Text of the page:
As many as 90,000 children — pre-K students as well as those with disabilities — returned Monday to New York City classrooms that had been shuttered since mid-March due to the coronavirus pandemic.
Mayor Bill de Blasio, who visited the Mosaic Pre-K Center in Elmhurst Queens early Monday, said he saw "pure joy" as the students arrived about two weeks after schools citywide were originally slated to open.
"To see those children so engaged, so happy to be there, it was truly inspiring," de Blasio said.
New York City, once the epicenter of the global coronavirus pandemic, is now one of the few cities in the nation where some students have returned to classrooms. With 1.1 million students, the city's school system is the largest in the nation.
Schools were scheduled to reopen Sept. 10 but de Blasio initially delayed it until Monday after fierce pressure from unions, teachers, principals and parents, who say many of the Department of Education’s 1,400 school buildings lack proper ventilation, staff and supplies. United Federation of Teachers president Michael Mulgrew threatened to strike over safety issues.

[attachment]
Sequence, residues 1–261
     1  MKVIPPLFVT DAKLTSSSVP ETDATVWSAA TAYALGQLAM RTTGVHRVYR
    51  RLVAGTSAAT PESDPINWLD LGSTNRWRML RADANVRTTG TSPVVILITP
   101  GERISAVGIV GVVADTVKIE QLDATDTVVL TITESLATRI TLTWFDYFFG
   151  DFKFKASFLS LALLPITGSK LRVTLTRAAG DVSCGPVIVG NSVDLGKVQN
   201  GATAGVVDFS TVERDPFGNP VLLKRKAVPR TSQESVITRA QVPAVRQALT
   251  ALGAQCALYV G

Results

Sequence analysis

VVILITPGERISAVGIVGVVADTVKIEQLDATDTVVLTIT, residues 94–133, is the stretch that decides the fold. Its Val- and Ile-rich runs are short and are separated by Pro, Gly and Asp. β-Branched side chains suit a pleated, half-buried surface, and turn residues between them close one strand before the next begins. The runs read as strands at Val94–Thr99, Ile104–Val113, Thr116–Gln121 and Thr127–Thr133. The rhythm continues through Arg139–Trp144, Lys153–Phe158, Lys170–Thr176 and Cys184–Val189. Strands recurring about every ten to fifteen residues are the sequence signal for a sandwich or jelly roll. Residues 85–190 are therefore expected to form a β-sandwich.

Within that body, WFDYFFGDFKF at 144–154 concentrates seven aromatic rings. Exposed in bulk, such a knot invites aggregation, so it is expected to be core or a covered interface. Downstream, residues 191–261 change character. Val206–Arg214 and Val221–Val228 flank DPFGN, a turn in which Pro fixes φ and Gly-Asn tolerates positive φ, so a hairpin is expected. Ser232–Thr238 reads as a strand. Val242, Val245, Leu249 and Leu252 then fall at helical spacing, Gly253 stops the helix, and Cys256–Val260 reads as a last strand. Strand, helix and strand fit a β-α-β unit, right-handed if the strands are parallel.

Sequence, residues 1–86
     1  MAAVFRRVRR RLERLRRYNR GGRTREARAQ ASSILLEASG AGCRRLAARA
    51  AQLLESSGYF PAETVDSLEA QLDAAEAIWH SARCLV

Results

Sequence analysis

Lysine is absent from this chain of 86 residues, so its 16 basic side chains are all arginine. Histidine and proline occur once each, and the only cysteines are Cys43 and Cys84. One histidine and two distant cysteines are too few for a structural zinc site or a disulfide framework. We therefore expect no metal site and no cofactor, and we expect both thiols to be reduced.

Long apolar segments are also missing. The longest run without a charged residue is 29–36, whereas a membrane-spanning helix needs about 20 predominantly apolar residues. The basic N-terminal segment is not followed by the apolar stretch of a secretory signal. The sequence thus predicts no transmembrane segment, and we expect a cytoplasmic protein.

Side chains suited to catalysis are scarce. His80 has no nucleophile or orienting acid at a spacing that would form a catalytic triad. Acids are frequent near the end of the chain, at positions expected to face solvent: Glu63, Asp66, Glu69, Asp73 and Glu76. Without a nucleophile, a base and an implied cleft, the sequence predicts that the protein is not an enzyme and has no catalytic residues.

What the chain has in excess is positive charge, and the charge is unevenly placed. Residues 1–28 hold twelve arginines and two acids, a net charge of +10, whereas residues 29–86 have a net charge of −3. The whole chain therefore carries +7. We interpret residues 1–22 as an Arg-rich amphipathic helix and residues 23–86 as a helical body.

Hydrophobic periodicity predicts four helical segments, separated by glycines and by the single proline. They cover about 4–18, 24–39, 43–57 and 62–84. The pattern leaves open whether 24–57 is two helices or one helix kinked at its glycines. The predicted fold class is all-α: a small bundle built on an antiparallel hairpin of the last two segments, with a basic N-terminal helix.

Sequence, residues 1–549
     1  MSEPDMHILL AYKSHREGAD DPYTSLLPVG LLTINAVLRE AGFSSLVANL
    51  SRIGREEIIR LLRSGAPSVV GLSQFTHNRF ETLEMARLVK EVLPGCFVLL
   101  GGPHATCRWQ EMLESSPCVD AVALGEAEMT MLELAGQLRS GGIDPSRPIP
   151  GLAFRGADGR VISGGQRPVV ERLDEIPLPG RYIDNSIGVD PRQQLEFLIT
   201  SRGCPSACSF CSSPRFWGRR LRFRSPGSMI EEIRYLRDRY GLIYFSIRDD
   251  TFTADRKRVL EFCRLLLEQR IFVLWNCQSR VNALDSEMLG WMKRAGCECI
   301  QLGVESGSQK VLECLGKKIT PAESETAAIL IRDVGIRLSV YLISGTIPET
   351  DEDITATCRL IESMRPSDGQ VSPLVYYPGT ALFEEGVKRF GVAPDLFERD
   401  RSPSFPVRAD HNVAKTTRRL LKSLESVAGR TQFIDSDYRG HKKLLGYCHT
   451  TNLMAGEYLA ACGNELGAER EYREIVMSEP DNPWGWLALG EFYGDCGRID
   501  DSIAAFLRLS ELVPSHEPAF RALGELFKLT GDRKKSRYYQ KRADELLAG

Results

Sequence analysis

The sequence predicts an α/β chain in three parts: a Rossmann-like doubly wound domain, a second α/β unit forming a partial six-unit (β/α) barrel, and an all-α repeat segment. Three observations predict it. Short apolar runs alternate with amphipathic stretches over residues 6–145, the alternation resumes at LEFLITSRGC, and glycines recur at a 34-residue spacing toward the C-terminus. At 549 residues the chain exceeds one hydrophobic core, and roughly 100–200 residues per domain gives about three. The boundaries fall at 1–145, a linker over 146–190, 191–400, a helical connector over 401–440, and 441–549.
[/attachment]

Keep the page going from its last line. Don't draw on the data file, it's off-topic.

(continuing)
Last week, the mayor announced a staggered reopening: Elementary school students will start in-person learning Sept. 29. Middle and high school students will return Oct. 1.
As part of the plan, children in Pre-K and students with disabilities returned to class Monday.
About 40% of families have opted out of in-person classes through at least November and will do online-only learning. De Blasio said online learning has been frustrating for many families and is not as enriching as in-person education. He said it was especially important for schools to open for low-income students.
De Blasio said hundreds of thousands of students are expected to return to school by Oct. 1, but it’s not clear how many actually will. Families can opt out of in-person classes at any time.
The mayor said he was impressed with the precautions the Mosaic Pre-K Center took Monday to protect staff and students from the deadly virus, including doing temperature checks and emphasizing social distancing.
"Everyone was wearing a mask and those 4-year-olds were wearing their masks with no problem at all … that is going to be crucial to everybody’s safety," de Blasio said.